A couple years ago, I met a newcomer to our area. Brenda Smoak, an artist from Washington DC, had recently moved to Bradenton and opened an artist gallery in the Village of the Arts. It was easy to see that she was very passionate about her art and gallery and she quickly became very active in her new community. Brenda and I became friends and talked often about the possibility of working together in the future. About the same time, Dave & I met a local teacher, Holly Clouse. She enthusiastically told us how she had attended our pond tour that we hosted each spring to raise funds for a local school waterfall project and how she had always wanted to create a project like that for her “kids”. This past September, while attending an art walk, Holly met Brenda. Holly mentioned to her that she was looking to find a project to help motivate her students. They began brainstorming about a possible mural project. Brenda had the idea to extend the project into the garden and knew that we had been involved with school projects in the past. She called me to see if we would be interested in being a part of her project. I said yes immediately.
Here we are a couple of years later and we finally have the opportunity to work together on a fantastic project. Three women from three very different backgrounds, arts, education and marketing, brought our ideas and skills together with a common goal to bring the Learning Takes Flight project to life for the students in the STAR program. The main goal was to create a project that would not only beautify the school but also give these students a sense of belonging within their school community and feelings of accomplishment. The project was worked into their curriculum teaching the students that math and science are used in everyday applications.
The Learning Takes Flight project was Brenda’s brainchild. She collaborated with local artist, Barbara Gerdeman on the design and execution of the mural and came up with the idea for the students to create individual clay leaves with words that were inspirational to them. She then brought in Dave and me to design and help the students create a wildlife habitat, adjacent to the mural, complete with a pondless water feature.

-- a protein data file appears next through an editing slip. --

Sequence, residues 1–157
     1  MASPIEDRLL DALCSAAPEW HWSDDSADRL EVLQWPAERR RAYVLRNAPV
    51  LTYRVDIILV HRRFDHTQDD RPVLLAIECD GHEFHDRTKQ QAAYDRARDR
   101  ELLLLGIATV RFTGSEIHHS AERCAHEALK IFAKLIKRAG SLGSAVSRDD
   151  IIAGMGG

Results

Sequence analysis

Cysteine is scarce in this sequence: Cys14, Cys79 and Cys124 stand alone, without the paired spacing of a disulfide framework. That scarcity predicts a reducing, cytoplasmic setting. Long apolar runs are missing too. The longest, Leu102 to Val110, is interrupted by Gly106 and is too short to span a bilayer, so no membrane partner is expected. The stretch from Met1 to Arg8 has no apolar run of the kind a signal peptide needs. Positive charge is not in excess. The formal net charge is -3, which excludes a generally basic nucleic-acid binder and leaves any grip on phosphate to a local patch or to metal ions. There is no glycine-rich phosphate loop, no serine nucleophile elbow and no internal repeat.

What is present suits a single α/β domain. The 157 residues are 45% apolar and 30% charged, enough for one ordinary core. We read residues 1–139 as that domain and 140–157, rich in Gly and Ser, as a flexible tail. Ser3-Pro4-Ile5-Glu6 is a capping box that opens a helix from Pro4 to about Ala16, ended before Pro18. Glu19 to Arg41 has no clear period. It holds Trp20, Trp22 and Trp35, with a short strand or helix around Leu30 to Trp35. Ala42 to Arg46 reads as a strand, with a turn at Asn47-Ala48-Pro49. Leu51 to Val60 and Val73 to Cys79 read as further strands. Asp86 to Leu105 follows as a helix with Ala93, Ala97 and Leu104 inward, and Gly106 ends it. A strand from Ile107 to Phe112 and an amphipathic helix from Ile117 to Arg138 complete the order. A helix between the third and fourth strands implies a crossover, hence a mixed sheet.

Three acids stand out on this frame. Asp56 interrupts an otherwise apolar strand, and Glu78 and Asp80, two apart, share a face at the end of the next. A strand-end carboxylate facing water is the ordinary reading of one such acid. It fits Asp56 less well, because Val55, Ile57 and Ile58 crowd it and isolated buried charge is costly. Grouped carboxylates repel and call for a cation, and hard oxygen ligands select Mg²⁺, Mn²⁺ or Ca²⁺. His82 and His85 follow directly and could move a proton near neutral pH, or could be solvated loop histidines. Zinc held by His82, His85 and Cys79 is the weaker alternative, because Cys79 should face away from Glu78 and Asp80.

Brenda Smoak has been an artist her entire life owning a decorative painting company for 10 years and working as the West Coast painter for Smallbone, Ltd out of England allowing her to travel all over the country and England to do faux finishing jobs. Currently she is a VSA fellow and was chosen as one of only five teaching fellows nationally by the VSA this year. The VSA is an International Organization on Arts + Disability. The focus of Brenda’s work as a VSA fellow is to bring art into the classroom, especially for students with special needs.
Holly Clouse has been a teacher for 31 years with a focus on at-risk populations. She ran an off campus school for five years on a working 13 acre mini-farm, teaching horsemanship along with the “three R’s”. The last five years she has been teaching in the Haile STAR program. STAR stands for Students Taking Another Road. It is a program designed to help those students who are failing or at risk of dropping out and do not qualify for special services.
As for myself, I spent most of my career in marketing and managing retail businesses owned by others. Until about seven years ago, when my husband, Dave told me he wanted to turn his hobby and passion for ponds into a business. I was skeptical at first, water gardening was fairly new to me. Dave on the other hand had been playing in the water for years. I found that I really enjoyed getting my hands dirty while still being able to manage the business aspect and so Backyard Getaway was born.
As we worked alongside the students, we watched them transform from being shy or indifferent to being proud of what they were accomplishing. The words on their clay leaves spoke volumes, trust, faith, confident, believe! One of the students told an interviewer that he learned that nobody can do it all himself that it takes teamwork to get something done!